Attorneys for Redstone accused Herzer of going to great lengths to try to avoid being cut out of Redstone’s will -- even threatening to invite the tabloid TV show TMZ into Redstone’s mansion in Beverly Park above Beverly Hills.
“This application is all about Ms. Herzer’s personal financial agenda,” Vidal wrote in the Redstone legal response. “Mr. Redstone kicked Ms. Herzer out of his house on Oct. 12, and since then Ms. Herzer has been on a warpath.”
The motive, Vidal said, is purely financial -- not concern about Redstone or his failing health.
“She suspected that in the days or weeks following her removal from his home, Mr. Redstone would take action to amend his estate plan,” Vidal wrote. “Whatever benefit might have previously accrued to her would be eliminated.”
Herzer’s attorney, Pierce O’Donnell, shot back that his client was genuinely worried about her longtime companion.
“Our only ‘agenda’ is to ensure that Sumner’s health care decisions are made by Manuela, his dear friend of 16 years to whom he entrusted his health care,” O’Donnell said in a statement provided to The Times.
“Sumner, with all his faculties, would never have condoned such vitriol against his long-time confidante as she fights to fulfill her duty as the guardian of his health,” O’Donnell said. “The only ‘farce’ here is the orchestrated attempt to cover up the truth: Tragically, Sumner Redstone can no longer make competent decisions about his health care and his health care agents.”
The case may have ramifications for Viacom, which owns Paramount Pictures film studio in Los Angeles and the cable TV channels MTV, Nickelodeon, Comedy Central, VH1 and BET.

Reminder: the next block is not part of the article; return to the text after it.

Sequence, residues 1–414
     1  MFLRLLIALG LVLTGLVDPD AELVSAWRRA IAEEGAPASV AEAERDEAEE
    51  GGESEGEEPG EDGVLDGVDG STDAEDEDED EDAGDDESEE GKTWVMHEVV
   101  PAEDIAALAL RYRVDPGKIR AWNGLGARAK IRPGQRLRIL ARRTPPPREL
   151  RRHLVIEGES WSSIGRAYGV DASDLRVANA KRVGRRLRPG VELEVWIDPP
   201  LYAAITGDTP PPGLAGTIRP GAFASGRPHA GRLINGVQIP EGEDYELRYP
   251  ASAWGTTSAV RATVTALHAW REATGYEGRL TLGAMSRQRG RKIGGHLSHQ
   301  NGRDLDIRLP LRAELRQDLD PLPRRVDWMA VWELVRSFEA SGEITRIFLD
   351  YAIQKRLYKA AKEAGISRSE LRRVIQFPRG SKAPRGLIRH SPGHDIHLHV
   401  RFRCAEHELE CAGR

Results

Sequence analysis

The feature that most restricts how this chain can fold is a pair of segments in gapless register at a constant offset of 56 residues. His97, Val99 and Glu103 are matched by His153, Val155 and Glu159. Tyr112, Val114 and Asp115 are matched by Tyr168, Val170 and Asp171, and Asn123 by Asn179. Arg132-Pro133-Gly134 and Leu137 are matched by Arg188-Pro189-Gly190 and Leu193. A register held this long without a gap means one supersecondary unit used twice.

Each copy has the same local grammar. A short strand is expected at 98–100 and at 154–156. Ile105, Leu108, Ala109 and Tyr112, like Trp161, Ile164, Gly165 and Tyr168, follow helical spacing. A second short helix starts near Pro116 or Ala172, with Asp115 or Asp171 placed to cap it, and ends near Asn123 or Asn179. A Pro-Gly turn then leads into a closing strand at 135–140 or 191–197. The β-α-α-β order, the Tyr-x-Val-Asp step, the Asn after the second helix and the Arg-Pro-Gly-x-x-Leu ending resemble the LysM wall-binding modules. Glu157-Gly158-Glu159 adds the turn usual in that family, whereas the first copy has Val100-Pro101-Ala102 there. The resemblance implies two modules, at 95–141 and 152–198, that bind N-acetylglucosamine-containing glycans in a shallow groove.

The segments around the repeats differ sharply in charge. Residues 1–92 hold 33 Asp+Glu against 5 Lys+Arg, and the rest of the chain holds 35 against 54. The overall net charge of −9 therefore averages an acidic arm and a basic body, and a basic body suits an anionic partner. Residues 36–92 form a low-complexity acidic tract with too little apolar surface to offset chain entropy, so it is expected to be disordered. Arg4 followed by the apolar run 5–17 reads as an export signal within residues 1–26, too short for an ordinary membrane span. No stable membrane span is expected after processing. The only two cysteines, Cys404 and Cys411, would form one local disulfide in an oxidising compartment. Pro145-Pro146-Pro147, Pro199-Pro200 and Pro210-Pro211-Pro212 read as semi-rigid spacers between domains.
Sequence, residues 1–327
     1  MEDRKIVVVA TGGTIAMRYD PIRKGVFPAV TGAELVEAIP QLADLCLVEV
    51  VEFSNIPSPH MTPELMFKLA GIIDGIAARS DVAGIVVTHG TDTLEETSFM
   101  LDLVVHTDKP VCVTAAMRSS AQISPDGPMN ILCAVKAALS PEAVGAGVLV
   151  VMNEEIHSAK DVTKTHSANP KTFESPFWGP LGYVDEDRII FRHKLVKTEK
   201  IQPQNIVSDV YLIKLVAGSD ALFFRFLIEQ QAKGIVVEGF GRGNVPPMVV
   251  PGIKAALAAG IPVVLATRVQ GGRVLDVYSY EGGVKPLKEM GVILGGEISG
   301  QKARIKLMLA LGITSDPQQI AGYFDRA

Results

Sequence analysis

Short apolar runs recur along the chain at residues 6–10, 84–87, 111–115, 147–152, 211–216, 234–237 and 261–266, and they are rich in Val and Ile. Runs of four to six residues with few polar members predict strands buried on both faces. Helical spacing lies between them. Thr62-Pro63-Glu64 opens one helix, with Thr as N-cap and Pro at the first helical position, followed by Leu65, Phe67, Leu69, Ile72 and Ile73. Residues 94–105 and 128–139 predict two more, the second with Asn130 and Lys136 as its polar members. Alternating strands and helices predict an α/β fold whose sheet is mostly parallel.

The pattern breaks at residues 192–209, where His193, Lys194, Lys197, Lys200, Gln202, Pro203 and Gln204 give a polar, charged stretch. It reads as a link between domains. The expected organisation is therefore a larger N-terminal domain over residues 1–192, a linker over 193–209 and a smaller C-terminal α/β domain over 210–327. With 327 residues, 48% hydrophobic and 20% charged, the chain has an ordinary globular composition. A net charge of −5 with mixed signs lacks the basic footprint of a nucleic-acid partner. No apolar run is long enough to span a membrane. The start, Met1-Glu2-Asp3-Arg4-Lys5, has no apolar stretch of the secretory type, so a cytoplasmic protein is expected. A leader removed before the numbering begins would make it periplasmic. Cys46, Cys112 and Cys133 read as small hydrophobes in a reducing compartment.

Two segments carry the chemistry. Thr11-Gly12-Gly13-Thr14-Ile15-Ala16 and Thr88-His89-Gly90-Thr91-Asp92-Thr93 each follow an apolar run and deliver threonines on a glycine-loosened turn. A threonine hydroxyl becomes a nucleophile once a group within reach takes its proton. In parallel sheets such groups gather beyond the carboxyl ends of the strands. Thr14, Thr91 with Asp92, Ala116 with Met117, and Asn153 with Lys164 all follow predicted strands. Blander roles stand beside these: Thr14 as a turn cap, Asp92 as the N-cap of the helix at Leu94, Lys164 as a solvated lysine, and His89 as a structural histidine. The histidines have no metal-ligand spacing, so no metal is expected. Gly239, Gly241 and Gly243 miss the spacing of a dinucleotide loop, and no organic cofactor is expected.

Redstone’s other company, CBS, includes the nation’s most-watched TV network, a chain of popular radio and TV stations, including KCBS-TV Channel 2 in Los Angeles, and premium channel Showtime.
Redstone and his family control 79% of the voting shares of the two companies.
Charles Elson, director of the John L. Weinberg Center for Corporate Governance at the University of Delaware, said that raising questions about the health of a company chairman is significant.
“Anytime someone’s capacity’s is questioned, in open court, at that point the [company] board is certainly on notice that they should consider the issue,” Elson said. “If you have a judicial finding, the board at that point would have to react.”
Redstone’s interest in the two media companies is governed by an irrevocable trust. When he dies or is no longer able to oversee his affairs, a group of trustees will assume decision-making control over his interest in the two companies.
The lawsuit filed Wednesday does not challenge the authority of the trust -- or control of the two media companies.
Instead, Herzer has asked a judge to determine that Redstone was not mentally competent last month when Herzer was removed from Redstone’s home. Such a finding would return Herzer to a guardian role of overseeing Redstone’s care.